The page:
Xenophobia, Jane Austen & Colorado: Books & Brain-Food: No. 4.
Marc Salazaar picks the top Science, Popular Science, Art & Books:
This Month’s Inspiration:
Is one of my oldest favourite internet sites- Omniglot.com
The site describes itself as “the online encyclopaedia of writing systems and languages”, which is pretty self-explanatory, even if it doesn’t fully do justice to the sheer amount of information and scholarship there.
Book/Documentary/Photo-gallery of the Month:
Usually, I like to find a neat online gallery for this section, but this time I am going to cheat with a link to a Selection of weird and wonderful creatures on Pinterest that was compiled a little while back by our own “Dear Leader” on this site (editor). Anyway, the list is a compilation of images by other people and it still gets amended and expanded from time to time. Naturally, it is just one of a great many highly colourful boards on Pinterest, but some of the images there and the links that follow from them are well worth a look–
This Month’s recommended articles:
…are all rather arty/literary, rather than scientific, for a change, but great brain-food, nonetheless-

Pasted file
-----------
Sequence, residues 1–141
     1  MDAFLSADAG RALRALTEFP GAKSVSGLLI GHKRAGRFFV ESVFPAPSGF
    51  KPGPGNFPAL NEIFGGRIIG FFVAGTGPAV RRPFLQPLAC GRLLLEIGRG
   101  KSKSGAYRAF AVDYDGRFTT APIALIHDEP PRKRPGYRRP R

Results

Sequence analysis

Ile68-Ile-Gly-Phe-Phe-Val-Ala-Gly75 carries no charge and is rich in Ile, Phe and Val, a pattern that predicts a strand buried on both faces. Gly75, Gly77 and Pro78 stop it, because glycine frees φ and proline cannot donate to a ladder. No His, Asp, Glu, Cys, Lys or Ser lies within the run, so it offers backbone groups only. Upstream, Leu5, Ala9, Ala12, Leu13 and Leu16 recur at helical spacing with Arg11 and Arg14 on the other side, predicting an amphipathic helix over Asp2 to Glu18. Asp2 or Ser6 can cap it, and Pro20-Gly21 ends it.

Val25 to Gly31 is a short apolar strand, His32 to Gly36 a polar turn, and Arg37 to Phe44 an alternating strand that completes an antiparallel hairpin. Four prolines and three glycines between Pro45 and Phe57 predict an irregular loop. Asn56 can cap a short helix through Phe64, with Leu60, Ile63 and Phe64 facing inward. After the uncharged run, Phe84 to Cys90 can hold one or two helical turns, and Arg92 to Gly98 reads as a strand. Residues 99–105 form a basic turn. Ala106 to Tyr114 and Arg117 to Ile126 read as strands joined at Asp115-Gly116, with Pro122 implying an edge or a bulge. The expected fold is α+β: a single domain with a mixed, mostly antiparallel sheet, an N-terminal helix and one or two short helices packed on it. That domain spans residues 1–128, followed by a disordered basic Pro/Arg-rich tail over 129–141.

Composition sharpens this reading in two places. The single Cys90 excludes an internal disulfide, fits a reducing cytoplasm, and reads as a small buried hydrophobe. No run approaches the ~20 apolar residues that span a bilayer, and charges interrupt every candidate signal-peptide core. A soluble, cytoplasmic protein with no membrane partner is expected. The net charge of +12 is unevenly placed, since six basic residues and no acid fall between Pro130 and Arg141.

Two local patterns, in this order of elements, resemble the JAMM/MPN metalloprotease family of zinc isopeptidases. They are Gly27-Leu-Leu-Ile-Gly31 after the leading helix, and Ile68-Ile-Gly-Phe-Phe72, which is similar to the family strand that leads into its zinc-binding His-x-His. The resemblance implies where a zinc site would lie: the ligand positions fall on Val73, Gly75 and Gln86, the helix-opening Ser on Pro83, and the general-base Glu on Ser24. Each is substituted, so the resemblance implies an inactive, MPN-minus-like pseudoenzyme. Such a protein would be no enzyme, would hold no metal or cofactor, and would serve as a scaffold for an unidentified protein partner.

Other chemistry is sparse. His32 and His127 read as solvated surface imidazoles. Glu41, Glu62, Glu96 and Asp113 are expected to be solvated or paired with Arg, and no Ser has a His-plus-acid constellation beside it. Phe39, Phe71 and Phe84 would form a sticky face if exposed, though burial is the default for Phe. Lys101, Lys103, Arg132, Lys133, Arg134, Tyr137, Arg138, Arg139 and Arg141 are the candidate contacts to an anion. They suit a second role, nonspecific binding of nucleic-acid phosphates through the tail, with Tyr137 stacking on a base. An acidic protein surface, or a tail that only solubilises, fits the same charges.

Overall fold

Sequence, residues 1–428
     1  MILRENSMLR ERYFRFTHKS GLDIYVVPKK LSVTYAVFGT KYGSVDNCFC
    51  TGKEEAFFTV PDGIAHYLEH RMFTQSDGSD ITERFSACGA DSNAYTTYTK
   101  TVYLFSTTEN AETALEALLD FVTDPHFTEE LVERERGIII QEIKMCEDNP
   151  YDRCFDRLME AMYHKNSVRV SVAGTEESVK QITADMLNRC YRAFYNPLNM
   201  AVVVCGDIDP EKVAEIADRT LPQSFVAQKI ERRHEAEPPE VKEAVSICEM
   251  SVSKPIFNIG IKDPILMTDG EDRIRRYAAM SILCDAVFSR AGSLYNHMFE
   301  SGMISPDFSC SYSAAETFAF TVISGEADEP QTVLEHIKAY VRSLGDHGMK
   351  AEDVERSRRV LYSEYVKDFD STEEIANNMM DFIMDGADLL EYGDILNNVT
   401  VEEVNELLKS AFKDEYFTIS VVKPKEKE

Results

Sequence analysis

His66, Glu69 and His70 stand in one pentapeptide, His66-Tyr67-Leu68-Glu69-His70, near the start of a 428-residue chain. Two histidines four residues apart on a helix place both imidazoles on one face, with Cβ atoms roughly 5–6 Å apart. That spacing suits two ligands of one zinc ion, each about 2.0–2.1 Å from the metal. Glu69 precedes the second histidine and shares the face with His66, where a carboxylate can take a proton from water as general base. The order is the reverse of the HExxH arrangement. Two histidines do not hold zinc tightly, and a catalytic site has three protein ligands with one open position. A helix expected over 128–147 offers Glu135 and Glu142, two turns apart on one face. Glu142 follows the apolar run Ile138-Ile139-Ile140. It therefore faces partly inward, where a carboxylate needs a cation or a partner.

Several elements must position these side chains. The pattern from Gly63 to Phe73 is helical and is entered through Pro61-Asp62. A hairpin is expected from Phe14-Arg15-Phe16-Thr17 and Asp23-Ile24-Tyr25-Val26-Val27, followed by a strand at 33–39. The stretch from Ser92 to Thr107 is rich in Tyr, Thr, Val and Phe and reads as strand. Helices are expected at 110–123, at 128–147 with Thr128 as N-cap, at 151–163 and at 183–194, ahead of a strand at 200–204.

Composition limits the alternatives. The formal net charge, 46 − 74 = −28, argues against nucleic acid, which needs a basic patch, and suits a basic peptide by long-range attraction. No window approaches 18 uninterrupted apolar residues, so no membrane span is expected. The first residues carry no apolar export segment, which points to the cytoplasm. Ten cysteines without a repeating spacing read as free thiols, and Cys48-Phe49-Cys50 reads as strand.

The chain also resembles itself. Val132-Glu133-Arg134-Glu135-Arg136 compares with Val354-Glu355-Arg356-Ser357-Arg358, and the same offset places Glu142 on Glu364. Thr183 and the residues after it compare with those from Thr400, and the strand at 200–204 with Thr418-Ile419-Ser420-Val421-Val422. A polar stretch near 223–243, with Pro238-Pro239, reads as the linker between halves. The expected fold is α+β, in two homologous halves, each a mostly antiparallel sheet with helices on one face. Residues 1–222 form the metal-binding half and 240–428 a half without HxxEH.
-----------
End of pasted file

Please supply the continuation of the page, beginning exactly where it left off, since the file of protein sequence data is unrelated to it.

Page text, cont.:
1)First-up is a fascinating piece on racism/anti-Semitism and Shakespeare in The New Yorker by regular New Yorker Contributor Stephen Greenblatt. Published in the July 10 & 17, 2017 issue, the article is called “Shakespeare’s cure for Xenophobia” and stands firmly at odds with the current much-debated “safe-space” ideology of some current university teaching-
2)Next is an article that could perhaps be called “The Quantitative Linguistics of Jane Austen” but, in fact, goes under the more poetic title of “The Word Choices That Explain Why Jane Austen Endures”, Written by Kathleen A. Flynn and Josh Katz, it was published in the “Upshot” section of the New York Times on 6th July 2017. You can find it online here-
3)Finally, As well as being inherently interesting, This piece by Erin Van Rheenen on Colorado’s Yampa River [https://en.wikipedia.org/wiki/Yampa_River ] is a thought-provoking example of the way science, conservation, politics and writing can and often do merge and interplay, particularly in the case of environmental issues. –
See you next time.
- M. Salazaar.